Jonathan Little Hand of the Week – Playing Pocket Aces 500 BBs Deep & Facing an Overbet
Last Updated: November 5, 2023
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Today we’re looking at a hand from one of my favorite poker vloggers, ‘Lex O Poker,’ who finds himself in a tough spot on the river on a double-paired board.
The hand begins with ‘Lex O Poker’ picking up two black aces, A♠A♣, playing 500 big blinds deep in a $5/10 game.
He starts the action by raising to $30 from an early position. There are two callers and then the small blind, an active player, goes for a 3-bet of $180.
When the action gets back to ‘Lex O Poker,’ he goes for a 4-bet of $510.
This is one of those spots where many people make the mistake of slow-playing their hand. If you’re up against an action player, you want to give them all the opportunity you can to make a mistake and put as much money into the pot as possible.
Thus, I really like the 4-bet here, and the sizing could have been even a bit bigger, given that both players are very deep. Of course, this depends on the type of game you’re in and just how loose you think your opponent is.
After some deliberation, the small blind makes the call, and they proceed to the flop heads up to see the board of Q♥Q♦9♣. The small blind player cheks to ‘Lex O Poker.’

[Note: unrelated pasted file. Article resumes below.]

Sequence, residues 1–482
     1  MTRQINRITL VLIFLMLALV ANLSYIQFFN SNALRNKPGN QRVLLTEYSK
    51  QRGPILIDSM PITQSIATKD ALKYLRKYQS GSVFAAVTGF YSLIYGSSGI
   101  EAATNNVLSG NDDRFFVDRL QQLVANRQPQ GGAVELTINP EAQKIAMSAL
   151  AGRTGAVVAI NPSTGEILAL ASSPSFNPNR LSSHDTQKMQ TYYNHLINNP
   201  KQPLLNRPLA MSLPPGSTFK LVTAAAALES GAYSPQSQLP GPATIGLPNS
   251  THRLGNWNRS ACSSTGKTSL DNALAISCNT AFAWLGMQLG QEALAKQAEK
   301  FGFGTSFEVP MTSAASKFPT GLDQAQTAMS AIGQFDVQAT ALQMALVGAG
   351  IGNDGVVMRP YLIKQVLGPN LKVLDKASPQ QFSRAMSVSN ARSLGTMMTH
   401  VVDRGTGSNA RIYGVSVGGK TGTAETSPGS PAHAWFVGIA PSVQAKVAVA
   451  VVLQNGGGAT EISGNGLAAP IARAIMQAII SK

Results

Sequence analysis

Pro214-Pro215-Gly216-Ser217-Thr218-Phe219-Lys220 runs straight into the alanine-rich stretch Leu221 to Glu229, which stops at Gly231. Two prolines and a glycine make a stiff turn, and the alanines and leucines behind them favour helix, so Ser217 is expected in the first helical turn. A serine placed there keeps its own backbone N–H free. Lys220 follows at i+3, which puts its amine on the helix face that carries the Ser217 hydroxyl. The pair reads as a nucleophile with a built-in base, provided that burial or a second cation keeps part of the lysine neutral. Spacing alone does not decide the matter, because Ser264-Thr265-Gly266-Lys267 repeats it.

Before proceeding, I’d like you to take a moment and think about what you would do in this spot with pocket aces and facing a check. Check back, bet small, bet big – what is your preference?
I think there are two viable options in this spot, i.e.:
- Check back, or
- Bet small
There are hands likely in your opponent’s range that will have open-ended or gutshot straight draws, and against these hands, you’ll want to start putting some money into the pot.
On the flip side, most players will have some queens in their range here, too, and when that’s the case, you’ll be in danger of losing a really big pot.
So, if you check back on this flop, you’re never getting check-raised, and if your opponent is loose-aggressive, by checking back, you give them the opportunity to start bluffing or overvalue their hand.
‘Lex O Poker’ does check back, not thinking he can get three streets of value from hands like pocket tens, and they proceed to the next street.
The 4♠ rolls off on the turn, and it’s a complete brick. The small blind bets $600, and ‘Lex O Poker’ makes the call.
Your opponent will certainly be bluffing some percentage of the time in this spot if they are aggressive. By checking on the flop, you give them a chance to bluff on the turn and the river and catch those bluffs.
The final card double-pairs the board as it comes the 9♦. Now, the villain does something unexpected as he leads out for $2,900 into the $2,300 pot.
Given how this hand has played out, I think this is a spot where calling is pretty standard. If we were against a tight-passive player, they’re going to show you a full house here a lot, but that’s not the read we have here.
This hand took place at the Wynn in Las Vegas, and if this is a Las Vegas local, they’re probably not making this play as a bluff, so a lot of it comes down to what you think your opponent is capable of.
On the other hand, good, tough opponents will certainly have some bluffs in this spot, like busted straight draws and some ace-high (although you block a lot of those).
With all that in mind, what does ‘Lex O Poker’ do here, and what was he up against here? Check out the video above to find out!